8 Italian pop culture perfect recipes that you can’t refuse

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The Godfather Part III

Recipe: Sausage and peppers

Well, this one, unfortunately, takes a turn for the more disappointing. What can you expect from a trilogy? Forgettabout it. No, but seriously, this one isn’t as good as the others, so just know that if you’re a first-time viewer.

Cinematically, narratively and acting wise, The Godfather Part III just doesn’t hold up to the first two. Possibly because this one was the most Hollywood influenced? Possibly because although Coppola and Puzo still co-wrote this screenplay, they included two fictionalized accounts of real-life events, including the killing of Pope John Paul I? Possibly because this was made in 1990? Maybe because Francis Ford Copolla also threw his daughter, Sophia Copolla (Mary) into the main role and you can tell that she may be fresh out of acting school?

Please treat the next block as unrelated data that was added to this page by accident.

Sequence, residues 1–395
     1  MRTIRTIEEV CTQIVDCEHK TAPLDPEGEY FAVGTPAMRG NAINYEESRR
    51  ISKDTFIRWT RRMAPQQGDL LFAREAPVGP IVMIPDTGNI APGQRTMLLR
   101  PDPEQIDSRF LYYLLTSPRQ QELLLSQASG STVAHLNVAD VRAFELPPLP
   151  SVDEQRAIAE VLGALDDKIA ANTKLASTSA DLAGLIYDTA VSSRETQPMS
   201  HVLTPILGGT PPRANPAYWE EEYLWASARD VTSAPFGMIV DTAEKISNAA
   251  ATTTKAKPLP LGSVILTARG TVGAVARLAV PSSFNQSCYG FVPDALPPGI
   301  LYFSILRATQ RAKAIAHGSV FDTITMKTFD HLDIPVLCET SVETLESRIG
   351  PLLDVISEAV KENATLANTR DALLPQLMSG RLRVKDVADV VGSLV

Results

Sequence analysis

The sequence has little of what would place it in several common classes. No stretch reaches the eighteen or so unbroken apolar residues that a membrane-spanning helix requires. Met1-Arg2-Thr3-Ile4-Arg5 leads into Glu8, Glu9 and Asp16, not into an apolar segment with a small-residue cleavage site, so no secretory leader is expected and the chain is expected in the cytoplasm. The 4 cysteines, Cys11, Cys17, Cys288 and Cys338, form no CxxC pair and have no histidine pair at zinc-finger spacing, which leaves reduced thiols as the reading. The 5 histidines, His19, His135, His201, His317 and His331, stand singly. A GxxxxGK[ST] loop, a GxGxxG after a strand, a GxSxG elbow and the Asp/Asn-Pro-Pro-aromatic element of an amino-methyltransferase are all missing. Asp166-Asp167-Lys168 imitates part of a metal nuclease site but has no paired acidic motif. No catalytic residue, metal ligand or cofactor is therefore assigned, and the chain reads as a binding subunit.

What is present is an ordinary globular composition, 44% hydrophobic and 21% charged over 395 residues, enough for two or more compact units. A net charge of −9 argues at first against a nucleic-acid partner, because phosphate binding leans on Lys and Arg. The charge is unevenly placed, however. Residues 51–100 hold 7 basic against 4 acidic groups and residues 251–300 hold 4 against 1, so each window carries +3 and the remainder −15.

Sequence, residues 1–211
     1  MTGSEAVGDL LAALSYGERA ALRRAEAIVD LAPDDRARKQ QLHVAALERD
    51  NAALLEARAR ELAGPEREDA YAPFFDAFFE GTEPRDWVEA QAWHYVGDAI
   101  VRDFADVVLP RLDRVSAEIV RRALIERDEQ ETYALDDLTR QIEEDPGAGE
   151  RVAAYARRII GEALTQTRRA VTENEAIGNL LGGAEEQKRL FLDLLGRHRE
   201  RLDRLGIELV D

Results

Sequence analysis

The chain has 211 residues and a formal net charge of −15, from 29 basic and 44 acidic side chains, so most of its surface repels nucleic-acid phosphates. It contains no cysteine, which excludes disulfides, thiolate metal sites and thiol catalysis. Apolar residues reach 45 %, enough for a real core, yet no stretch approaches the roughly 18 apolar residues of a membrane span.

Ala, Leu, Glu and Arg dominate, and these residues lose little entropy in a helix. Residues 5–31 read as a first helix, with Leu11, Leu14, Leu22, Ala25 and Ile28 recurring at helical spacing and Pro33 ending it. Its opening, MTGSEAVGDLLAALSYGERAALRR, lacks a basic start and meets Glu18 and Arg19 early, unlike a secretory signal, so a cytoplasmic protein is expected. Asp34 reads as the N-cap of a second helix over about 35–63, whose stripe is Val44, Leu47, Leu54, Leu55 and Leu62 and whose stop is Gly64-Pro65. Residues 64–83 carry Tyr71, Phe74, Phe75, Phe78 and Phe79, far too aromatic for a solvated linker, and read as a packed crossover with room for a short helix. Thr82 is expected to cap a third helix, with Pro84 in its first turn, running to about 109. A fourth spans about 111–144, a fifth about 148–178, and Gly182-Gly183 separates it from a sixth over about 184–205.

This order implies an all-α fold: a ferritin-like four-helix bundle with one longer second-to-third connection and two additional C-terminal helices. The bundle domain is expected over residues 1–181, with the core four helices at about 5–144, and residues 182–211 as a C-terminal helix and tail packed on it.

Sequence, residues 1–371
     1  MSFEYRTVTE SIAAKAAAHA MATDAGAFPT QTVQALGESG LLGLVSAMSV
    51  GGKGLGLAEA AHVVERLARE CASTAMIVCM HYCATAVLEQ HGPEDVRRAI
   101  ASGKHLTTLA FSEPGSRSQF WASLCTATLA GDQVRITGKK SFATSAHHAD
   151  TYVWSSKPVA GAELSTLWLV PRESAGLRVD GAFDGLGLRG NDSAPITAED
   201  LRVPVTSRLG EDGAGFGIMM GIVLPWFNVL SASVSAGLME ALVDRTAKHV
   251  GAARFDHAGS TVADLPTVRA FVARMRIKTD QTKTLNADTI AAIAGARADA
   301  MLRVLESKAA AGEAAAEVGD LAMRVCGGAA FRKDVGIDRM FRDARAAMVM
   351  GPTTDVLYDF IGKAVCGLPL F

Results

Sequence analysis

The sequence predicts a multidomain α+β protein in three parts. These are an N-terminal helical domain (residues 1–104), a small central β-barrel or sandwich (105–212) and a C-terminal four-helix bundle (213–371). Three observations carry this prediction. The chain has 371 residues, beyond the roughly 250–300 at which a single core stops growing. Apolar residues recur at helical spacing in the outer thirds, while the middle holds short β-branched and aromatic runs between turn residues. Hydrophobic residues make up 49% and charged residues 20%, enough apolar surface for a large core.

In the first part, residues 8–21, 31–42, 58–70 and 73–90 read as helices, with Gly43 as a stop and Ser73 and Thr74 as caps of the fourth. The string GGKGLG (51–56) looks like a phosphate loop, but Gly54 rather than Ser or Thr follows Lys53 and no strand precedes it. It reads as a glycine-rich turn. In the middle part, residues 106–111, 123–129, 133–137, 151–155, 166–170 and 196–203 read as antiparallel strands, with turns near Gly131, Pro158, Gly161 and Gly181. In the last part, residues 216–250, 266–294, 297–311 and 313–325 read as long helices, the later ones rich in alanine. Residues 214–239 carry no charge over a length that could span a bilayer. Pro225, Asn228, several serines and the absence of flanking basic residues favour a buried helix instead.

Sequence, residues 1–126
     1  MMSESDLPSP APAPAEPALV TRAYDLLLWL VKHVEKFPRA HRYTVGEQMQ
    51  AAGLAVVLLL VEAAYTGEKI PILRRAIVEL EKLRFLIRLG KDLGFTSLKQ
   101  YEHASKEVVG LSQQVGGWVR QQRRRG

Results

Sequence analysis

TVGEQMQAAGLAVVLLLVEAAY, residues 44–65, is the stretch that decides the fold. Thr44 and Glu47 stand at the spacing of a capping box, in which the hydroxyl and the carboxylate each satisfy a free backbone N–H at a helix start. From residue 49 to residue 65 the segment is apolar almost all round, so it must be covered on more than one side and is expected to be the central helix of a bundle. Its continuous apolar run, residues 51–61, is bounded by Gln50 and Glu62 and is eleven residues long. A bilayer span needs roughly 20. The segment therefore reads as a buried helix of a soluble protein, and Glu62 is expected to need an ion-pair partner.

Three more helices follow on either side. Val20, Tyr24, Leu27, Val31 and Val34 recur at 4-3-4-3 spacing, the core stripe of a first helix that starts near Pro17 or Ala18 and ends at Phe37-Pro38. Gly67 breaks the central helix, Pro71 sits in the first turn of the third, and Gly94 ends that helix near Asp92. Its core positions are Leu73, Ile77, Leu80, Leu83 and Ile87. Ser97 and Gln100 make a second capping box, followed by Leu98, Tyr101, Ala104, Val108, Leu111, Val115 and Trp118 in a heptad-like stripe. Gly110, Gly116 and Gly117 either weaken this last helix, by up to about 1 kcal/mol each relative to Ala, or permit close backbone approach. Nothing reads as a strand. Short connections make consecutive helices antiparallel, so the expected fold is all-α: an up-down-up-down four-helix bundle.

Now, respectfully, no shade towards Diane Keaton or Al Pacino, as we know they can do no wrong. The plot to The Godfather Part III may be a bit far-reaching. It follows Corleone aging and trying to find his way out of the mafia, going so far as to “help” his nephew Vincent (Andy Garcia) step in.

Spoiler Alert: Vincent betrays Michael and in the meantime tries to creep in on Michael’s daughter, Mary. Egads. Yikes. Yikes, again. Pretty sure they’re in the same family. The Godfather Part III ends in the death of Micheal Corleone and is an epilogue to The Godfather trilogy.

The scene above takes place at an Italian street fare as Vincent shoots Joey Zasa. Italians love a street fair or a parade. Anywhere where you can eat and drink or be loud and be merry outside, while also worshipping The Mother Mary. Notice the mention of sausage and peppers though, which, in an Italian family (on screen or not), is a must.